This answer mentions an improved way for an oracle to provide random numbers to a contract.

use commitments, i.e. the oracle would push a hash in the contract before the game, and send the random number (and a nonce) after the game, the contract checking that the hash and the random number match (with the nonce). Commitments prevent oracles from changing the random number during the game...

I do not have a background in cryptography, but from searching around this seems to be referring to the Commitment scheme. The main idea is that the oracle could choose a random value before hand, send the hash to the contract, then later send the random value to the contract and the contract can check that the random number matches the hash.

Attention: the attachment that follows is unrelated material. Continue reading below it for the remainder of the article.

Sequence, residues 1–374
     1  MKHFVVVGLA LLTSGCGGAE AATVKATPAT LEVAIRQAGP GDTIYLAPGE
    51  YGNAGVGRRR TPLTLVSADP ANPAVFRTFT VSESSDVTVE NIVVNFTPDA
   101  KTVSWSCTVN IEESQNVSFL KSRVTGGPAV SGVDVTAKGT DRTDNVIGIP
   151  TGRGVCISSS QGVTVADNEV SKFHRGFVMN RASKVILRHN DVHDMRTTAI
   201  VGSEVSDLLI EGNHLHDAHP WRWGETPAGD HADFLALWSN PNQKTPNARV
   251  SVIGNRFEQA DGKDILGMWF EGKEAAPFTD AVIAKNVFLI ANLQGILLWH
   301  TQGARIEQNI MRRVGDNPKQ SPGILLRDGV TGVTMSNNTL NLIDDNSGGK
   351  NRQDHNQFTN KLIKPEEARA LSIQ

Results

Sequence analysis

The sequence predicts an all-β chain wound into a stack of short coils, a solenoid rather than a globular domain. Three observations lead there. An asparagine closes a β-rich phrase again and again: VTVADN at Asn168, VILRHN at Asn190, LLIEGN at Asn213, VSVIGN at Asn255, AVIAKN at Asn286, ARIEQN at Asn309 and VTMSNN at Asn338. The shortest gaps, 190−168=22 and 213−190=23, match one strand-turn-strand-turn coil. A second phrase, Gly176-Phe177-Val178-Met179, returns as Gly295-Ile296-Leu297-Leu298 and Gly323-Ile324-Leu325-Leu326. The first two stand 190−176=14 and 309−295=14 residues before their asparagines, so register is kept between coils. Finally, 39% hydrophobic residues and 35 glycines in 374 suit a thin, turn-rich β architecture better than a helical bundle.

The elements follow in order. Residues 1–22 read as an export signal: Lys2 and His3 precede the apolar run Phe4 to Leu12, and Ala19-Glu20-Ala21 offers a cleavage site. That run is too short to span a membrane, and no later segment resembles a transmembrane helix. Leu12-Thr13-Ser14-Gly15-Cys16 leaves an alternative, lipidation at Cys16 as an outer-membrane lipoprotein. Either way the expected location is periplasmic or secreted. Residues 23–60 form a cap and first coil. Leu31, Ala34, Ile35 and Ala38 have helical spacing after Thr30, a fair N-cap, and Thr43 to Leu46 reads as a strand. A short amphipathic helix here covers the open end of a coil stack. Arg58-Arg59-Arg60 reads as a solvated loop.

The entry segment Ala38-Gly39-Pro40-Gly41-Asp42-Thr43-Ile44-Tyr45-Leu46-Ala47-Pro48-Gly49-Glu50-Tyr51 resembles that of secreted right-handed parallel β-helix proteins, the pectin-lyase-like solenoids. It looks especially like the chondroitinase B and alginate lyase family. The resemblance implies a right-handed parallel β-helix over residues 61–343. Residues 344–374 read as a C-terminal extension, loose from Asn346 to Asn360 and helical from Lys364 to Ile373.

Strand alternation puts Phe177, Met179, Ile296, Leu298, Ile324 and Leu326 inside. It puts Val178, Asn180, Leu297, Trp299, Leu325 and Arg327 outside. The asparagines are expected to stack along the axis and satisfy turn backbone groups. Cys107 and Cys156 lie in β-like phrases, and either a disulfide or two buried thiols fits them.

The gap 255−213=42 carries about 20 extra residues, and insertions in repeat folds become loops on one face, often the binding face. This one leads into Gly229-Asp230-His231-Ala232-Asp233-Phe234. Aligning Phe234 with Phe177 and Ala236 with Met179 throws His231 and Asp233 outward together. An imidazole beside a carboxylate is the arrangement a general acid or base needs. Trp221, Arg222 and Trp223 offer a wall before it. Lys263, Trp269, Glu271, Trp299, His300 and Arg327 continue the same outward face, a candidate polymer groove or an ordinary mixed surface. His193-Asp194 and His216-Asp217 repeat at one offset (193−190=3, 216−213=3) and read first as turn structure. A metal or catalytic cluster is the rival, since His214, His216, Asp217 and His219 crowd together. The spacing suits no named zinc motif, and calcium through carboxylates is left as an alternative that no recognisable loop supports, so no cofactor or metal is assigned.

I have the following questions:

  1. What vulnerabilities exist in the model (one I can think of is that we need to trust the oracle to not divulge the secret before the end of the game)?

  2. What are some secure and proven libraries that implement a form of the Commitment scheme that would be adequate for implementing the oracle as described as above? (any programming language is fine)

  3. Give the solution in 2, is Michelson able to check the hashed value?

1 Answer 1


Some sketches of a response:

  1. You also need to trust that the oracle actually generates random values. Note that you can distribute the trust by using the several oracles and combining the result.

  2. I don't know of any such libraries.

  3. Hard to say without knowing the exact details of 2, but there are no conceptual difficulties. Michelson supports several hash functions: Blake2B, Keccak-256, SHA-256, SHA3-256 and SHA-512 at the time of writing.


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